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The Literary Corner: Renegade Writer’s Guild

My Love of Books

By Linda H. Barnette

When I was a young child, both of my parents read to me.  I don’t remember the names of any of the books, but it appears that that was the beginning of my love affair with books.

One Sunday after church I was sitting on Daddy’s lap while he read my Sunday School booklet to me.  We were all shocked when I started to read along with him. That was before I started in first grade.

My favorite part of the school day was the last few minutes of the day when our teacher would read to us.  As I got older, about the fourth grade, I had moved on to the Nancy Drew books, and a boy in my class had the entire series of Hardy Boy books and was generous enough to share them with his classmates.

My parents encouraged my love of reading by purchasing books for Christmas and birthday gifts. One year they bought a set of classics, which included Tom Sawyer and Huck Finn.  They also bought me a set of World Books from Mrs. Robinson, whose husband was the superintendent of schools then.  Those encyclopedias helped me with my schoolwork for years.

As an only child, books were my constant companions. I always had several on my bedside table and read each night before going to sleep.  I still do that.

One of my fondest memories came from the days when the library was located in the basement of the building next to the courthouse. Mrs. Blanche Hanes Clement was the librarian then, and she always encouraged me to read books that she suggested. One time she told me to go on and try reading War and Peace even though I was just 13.  I wish I had told her how much her interest in me meant, but we don’t realize those things until it is usually too late.

It was natural that I chose to major in English when I went to Catawba.  After all, I could read all the books I wanted to.  Teaching literature was also great fun for many years.  So I am most grateful to my parents for reading to me!

Early Settlers and ‘Jacks of All Trades’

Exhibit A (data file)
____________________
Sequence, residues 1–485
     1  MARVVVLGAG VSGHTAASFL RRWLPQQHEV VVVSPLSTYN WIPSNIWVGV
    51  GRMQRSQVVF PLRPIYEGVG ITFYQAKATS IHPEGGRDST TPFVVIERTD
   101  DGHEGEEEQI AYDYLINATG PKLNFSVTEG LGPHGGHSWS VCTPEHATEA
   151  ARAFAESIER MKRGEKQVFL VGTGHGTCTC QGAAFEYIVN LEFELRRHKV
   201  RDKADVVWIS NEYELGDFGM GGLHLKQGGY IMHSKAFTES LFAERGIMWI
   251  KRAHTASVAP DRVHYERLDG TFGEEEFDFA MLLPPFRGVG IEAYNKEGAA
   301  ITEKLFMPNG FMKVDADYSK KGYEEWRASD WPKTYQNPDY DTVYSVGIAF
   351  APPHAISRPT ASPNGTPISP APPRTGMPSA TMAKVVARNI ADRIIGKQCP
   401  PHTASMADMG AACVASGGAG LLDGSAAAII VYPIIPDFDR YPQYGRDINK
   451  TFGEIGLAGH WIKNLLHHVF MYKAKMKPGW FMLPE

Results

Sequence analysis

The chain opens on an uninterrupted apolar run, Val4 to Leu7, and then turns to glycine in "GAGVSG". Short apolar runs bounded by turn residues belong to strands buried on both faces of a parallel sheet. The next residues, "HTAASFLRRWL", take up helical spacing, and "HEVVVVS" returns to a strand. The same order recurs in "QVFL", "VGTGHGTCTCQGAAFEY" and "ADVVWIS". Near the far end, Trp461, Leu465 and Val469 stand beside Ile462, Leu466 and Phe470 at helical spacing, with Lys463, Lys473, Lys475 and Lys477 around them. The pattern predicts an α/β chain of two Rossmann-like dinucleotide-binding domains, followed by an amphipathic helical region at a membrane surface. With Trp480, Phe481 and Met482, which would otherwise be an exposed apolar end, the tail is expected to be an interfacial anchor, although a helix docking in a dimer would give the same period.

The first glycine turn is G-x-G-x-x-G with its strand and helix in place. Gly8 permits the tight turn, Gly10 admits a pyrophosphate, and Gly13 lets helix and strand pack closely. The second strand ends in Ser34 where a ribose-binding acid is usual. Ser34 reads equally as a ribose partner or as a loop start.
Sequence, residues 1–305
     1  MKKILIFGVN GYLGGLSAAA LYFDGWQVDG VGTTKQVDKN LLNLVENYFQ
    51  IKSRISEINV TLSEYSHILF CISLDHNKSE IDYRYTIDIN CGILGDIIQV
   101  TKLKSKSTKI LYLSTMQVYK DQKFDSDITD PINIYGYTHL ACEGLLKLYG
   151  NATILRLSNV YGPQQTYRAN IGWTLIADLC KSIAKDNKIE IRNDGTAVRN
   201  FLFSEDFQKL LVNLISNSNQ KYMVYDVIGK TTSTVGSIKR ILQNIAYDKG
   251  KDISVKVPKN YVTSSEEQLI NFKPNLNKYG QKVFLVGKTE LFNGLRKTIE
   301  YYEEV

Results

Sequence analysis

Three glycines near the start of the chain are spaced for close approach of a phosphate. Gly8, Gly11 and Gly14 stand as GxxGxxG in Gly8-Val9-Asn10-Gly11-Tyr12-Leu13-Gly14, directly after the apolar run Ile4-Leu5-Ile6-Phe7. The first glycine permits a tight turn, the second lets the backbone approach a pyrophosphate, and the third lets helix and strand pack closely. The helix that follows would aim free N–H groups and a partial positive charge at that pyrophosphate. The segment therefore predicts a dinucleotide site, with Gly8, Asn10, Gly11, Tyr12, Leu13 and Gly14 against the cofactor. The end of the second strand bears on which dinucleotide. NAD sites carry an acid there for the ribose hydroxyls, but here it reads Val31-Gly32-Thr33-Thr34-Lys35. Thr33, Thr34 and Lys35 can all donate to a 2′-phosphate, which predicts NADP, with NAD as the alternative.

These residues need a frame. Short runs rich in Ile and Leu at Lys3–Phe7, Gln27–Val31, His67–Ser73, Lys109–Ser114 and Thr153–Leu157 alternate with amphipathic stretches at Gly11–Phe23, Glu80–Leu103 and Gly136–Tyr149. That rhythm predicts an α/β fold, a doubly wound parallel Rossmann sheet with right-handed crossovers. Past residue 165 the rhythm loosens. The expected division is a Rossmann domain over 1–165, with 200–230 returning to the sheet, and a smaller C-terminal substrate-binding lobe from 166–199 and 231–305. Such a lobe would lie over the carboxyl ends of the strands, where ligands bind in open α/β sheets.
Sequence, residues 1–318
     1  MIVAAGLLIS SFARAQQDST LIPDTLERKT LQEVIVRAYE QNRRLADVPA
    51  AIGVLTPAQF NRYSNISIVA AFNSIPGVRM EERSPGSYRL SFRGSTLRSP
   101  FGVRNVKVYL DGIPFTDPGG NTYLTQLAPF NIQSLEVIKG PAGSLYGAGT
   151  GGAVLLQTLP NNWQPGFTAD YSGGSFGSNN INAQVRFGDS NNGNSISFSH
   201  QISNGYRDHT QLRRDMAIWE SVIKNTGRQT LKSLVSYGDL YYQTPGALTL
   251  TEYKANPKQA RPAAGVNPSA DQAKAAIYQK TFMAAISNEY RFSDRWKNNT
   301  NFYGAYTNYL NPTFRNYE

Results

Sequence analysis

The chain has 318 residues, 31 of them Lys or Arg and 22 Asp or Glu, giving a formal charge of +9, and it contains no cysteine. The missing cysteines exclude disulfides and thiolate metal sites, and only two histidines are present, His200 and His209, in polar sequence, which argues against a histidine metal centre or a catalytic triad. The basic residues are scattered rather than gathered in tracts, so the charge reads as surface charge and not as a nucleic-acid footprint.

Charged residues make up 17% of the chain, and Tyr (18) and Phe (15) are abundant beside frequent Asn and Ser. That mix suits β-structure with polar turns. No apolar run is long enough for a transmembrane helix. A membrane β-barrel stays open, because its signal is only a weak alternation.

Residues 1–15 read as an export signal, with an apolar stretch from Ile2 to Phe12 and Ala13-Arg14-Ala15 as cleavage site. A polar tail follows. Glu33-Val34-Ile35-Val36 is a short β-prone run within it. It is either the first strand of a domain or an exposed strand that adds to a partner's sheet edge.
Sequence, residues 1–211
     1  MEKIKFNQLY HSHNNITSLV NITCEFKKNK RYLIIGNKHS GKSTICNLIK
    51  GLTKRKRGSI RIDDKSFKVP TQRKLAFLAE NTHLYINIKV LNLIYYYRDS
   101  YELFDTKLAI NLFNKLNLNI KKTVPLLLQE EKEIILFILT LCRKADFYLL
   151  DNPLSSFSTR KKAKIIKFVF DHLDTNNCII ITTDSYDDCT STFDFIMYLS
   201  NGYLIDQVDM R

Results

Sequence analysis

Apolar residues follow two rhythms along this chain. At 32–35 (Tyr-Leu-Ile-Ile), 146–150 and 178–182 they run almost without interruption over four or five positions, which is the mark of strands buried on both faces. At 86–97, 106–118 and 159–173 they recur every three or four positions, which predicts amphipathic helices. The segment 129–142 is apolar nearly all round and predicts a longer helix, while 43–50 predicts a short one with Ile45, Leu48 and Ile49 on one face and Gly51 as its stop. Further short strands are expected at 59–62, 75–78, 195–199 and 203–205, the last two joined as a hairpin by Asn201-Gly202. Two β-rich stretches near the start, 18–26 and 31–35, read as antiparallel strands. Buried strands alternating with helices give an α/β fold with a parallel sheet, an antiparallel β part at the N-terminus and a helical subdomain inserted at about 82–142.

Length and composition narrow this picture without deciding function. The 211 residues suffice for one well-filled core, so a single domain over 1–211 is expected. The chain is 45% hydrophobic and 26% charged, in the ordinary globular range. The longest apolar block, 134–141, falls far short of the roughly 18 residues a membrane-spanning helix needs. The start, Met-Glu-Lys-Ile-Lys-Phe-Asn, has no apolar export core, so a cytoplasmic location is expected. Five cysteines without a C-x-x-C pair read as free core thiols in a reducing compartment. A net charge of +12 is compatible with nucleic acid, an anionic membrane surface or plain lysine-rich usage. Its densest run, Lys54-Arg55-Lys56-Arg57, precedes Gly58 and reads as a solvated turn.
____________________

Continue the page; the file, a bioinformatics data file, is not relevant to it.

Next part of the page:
By David R. Moore

Long before the Revolutionary War, people were drawn to North Carolina because it was easier to obtain land patents and the yearly rental taxes were less burdensome, as compared to land such as in Virginia.  Most had a dream of making a better life.  We would like to believe our early settlers were hard working, industrious, and ‘Jacks of All Trades’ to make or repair just about everything they needed to survive.  However, within any society, the individual’s temperament and their personal economics played a role in how self-sufficient they really were.

Col. William Byrd, who performed an early survey of the eastern portion of the Virginia-North Carolina border, gave an interesting description of the people living on the North Carolina side.  “The settlers had few or very small corn fields and they saw no tokens of husbandry or improvements.  The only business was raising hogs, which was managed with the least trouble.  The hogs rambled free and fended for themselves year round.  The men imposed all the work upon the poor women who rise out their beds early in the morning, while they lie and snore till the sun had raised high.  Then, after stretching and yawning for half an hour, they would light their pipes.  They’d stand and gravely consider whether to take a hoe at their corn field, but generally found reason to put it off to another time.”  Colonel Byrd pointed to the ‘truth’ that it was the thorough aversion to labor that made people file off to North Carolina, where plenty and warm climate confirm them in their disposition of laziness for their whole lives.  Obviously, Colonel Byrd was not from North Carolina.